PRESQUE ISLE, Maine — Benjamin Dutil, who will be one of the pioneer graduates from Northern Maine Community College’s wind power technology program on May 14, has heard most of the criticisms and myths about wind power. The one that rankles him the most, however, is the belief that students in the program are “training for jobs that aren’t out there.”
“I think that what they hear about our job prospects is going to deflate that myth,” the 36-year-old, who moved to Ashland from Winslow to enroll in the program two years ago, said during a recent interview. “The jobs are out there. I am proof, and so are a number of my fellow graduates.”
During commencement exercises at NMCC next Saturday, 14 wind power technology students will receive associate degrees. The college launched this program, the first of its kind in New England, in 2008. Students in the program learn to operate, maintain and repair wind turbine generators. The program quickly became popular and helped to boost enrollment at the college.
Dutil and his classmate Matt Melcher, 30, of Bingham already have secured jobs in the industry, which they will begin at the end of the month. And this week, six more graduates will interview with manufacturers such as Siemens and with officials from General Electric, which maintains operations at a number of wind farm sites including Mars Hill, Stetson and Lincoln.
“In my opinion, their chances of getting those jobs are fantastic,” said Wayne Kilcollins, the program’s instructor. “Since the start, we have been talking with officials in the industry about placing these graduates once they had their degree. These companies are pretty excited about them.”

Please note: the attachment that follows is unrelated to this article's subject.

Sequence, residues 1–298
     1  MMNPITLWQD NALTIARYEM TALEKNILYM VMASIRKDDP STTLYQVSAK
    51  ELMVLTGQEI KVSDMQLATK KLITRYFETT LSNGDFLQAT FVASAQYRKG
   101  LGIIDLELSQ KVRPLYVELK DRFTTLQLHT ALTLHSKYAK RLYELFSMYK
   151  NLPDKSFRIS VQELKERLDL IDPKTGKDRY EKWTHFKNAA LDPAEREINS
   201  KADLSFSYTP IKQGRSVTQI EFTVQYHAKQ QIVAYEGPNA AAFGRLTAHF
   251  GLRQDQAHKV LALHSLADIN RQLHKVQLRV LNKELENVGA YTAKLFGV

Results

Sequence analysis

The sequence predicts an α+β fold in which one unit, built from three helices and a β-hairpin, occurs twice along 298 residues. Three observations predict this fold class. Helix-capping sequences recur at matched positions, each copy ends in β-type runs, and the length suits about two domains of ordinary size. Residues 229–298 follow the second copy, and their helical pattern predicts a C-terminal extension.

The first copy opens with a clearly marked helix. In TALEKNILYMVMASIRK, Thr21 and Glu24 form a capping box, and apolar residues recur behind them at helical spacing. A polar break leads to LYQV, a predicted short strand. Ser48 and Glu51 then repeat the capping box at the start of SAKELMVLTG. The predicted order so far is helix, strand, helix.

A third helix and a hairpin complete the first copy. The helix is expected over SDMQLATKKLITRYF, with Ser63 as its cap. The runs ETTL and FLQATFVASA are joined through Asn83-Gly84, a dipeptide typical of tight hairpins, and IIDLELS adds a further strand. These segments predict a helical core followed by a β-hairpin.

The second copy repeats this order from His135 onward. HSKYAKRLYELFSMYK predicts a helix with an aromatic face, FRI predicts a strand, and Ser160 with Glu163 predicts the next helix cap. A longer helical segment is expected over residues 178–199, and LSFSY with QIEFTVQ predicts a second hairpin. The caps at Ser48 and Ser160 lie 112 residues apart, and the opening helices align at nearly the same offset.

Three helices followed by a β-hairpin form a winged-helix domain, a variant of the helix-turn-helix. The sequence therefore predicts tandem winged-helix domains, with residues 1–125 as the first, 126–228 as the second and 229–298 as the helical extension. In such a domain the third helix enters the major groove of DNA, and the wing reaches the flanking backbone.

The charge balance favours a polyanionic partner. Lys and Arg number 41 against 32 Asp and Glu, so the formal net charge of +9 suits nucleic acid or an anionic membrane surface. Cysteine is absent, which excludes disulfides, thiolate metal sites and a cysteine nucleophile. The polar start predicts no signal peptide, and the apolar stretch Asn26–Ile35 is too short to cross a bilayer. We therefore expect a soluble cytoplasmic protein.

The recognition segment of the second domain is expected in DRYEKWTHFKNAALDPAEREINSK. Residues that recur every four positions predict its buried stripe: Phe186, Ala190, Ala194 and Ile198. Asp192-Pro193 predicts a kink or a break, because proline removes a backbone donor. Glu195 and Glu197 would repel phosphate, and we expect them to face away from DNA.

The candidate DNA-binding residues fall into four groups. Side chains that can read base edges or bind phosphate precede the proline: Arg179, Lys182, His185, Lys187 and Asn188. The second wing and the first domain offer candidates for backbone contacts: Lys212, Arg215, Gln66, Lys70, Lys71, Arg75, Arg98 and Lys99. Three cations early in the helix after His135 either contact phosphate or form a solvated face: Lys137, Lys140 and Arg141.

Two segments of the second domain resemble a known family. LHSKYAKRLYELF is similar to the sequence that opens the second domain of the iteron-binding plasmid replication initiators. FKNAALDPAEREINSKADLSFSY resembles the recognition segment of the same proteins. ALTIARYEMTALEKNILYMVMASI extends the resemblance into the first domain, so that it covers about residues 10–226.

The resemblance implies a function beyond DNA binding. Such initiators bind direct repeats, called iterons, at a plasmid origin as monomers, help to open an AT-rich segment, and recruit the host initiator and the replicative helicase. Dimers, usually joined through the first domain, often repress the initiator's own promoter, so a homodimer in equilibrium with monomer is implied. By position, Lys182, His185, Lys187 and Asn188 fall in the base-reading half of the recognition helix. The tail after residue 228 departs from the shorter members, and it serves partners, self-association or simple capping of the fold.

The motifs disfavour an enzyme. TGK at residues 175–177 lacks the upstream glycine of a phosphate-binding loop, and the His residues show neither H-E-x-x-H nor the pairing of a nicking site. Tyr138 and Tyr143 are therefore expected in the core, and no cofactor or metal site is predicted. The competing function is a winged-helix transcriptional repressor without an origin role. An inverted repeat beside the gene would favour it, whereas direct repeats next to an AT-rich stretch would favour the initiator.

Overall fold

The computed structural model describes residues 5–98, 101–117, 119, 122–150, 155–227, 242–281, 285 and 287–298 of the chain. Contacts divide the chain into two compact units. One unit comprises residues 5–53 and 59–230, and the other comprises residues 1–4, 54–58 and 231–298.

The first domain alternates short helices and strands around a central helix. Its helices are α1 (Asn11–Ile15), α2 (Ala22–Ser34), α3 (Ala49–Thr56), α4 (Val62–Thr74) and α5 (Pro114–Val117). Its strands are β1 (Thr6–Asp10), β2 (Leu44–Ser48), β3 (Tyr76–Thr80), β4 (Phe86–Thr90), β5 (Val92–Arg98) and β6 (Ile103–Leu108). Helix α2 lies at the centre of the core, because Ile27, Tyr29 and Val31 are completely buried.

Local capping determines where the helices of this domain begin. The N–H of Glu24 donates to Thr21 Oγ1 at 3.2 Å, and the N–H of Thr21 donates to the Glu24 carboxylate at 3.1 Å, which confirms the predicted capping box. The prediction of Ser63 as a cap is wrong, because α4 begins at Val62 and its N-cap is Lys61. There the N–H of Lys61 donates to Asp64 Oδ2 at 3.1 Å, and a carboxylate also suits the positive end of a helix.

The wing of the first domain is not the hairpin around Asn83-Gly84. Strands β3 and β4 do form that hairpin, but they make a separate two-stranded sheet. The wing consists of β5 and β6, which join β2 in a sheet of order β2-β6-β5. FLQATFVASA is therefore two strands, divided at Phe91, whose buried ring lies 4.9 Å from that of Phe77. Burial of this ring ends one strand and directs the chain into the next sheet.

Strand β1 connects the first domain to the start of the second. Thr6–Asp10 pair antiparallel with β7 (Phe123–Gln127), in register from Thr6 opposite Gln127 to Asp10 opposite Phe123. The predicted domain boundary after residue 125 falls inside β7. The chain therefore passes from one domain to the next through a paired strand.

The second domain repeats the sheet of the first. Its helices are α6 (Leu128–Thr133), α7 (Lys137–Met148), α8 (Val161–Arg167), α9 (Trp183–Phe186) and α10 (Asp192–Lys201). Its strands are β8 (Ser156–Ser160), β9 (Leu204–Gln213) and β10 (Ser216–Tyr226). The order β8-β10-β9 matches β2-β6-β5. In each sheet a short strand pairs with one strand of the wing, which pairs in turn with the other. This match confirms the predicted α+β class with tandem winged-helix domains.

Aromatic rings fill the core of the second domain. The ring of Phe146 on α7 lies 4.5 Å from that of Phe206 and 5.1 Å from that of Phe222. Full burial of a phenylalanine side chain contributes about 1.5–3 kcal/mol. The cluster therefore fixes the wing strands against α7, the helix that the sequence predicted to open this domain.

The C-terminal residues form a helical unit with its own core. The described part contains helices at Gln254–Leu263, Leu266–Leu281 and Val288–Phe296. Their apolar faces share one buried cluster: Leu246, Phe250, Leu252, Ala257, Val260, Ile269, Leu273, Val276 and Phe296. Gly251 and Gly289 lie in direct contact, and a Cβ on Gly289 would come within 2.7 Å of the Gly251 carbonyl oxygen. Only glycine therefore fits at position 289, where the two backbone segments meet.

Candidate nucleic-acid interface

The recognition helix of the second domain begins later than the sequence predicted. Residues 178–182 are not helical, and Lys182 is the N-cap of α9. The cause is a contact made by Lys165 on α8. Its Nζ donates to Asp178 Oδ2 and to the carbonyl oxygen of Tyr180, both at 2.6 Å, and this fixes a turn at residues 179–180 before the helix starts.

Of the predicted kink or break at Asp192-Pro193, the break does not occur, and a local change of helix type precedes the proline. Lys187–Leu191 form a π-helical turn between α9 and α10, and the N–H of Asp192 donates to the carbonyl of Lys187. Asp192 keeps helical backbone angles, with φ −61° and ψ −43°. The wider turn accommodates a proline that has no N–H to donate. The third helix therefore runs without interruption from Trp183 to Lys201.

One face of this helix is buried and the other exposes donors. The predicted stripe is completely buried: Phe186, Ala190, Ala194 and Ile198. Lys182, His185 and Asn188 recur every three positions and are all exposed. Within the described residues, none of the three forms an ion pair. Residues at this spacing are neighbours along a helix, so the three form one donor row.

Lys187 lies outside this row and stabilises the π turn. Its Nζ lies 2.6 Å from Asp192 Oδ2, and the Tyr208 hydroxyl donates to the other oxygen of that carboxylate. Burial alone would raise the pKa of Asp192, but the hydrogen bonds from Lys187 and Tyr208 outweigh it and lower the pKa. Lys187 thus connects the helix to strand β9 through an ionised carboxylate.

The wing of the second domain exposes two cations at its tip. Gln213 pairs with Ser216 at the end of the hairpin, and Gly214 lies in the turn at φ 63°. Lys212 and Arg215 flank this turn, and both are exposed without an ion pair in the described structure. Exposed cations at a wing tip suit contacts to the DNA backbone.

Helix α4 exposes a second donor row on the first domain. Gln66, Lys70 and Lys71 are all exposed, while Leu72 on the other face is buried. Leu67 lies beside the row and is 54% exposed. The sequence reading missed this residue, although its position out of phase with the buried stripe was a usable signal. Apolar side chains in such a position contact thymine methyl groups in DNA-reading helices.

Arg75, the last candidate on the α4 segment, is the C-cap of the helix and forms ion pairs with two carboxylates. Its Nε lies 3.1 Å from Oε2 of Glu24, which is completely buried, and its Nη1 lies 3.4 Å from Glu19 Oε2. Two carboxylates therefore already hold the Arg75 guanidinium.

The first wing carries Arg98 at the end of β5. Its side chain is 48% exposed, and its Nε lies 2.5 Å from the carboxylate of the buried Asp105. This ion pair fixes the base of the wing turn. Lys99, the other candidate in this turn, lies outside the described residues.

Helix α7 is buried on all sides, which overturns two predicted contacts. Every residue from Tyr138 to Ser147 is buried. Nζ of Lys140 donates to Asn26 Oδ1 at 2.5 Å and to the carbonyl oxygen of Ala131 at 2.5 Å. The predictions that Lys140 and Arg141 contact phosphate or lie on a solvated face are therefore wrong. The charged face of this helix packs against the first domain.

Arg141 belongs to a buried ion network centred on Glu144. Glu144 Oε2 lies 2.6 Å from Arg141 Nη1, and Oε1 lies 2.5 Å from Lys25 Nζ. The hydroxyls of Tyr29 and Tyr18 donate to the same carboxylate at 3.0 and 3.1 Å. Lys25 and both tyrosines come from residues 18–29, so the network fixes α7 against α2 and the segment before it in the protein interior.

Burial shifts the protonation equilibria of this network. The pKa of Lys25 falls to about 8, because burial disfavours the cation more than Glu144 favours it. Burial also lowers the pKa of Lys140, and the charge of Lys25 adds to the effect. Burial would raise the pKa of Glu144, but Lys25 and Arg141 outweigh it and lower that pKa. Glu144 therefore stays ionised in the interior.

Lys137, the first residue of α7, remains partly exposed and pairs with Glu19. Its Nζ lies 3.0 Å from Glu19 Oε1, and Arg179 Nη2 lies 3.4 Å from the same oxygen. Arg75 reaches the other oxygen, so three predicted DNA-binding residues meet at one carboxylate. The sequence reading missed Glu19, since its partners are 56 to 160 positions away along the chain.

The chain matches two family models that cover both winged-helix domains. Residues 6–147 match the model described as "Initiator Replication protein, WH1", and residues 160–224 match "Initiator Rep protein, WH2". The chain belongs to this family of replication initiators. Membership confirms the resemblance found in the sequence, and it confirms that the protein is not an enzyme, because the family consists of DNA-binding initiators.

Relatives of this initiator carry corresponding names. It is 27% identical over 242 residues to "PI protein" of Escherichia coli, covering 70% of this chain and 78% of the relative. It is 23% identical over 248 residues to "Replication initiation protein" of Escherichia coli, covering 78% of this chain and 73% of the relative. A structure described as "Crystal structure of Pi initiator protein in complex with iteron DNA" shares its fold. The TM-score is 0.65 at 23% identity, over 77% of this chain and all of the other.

The program also has attracted the attention of donors. Just last month, NMCC officially dedicated the Northern Maine Center for Excellence in Alternative Energy Training and Education. The facility was made possible thanks to a $1.2 million donation from California resident and Presque Isle native Mary Smith, who bestowed the gift in honor of her late husband.
Dutil and Melcher said they are both “very excited” to receive their degrees. Both will go to work for Vestas, an international company that maintains the turbines at the Kibby Mountain project in Franklin County. Both said they were “anxious” when they first started taking courses in 2009, as they were entering a field neither knew much about.
“The textbooks looked foreign to me,” recalled Dutil. “But very shortly after we started classes, we climbed the wind turbine at the University of Maine at Presque Isle. When I got to the top, I knew I was hooked.”
“So was I,” Melcher added. “I wasn’t a very good student in high school, but that changed here. I really immersed myself in my education.”
The 30-year-old said it was daunting, at first, to see how much of their studies involved electronics, something he said was “very new” to him. But the two studied hard and spent last summer working in paid internships on wind development projects around Maine.
“That definitely gave me more confidence in my skills for when I came back for the second year of the program,” Dutil said.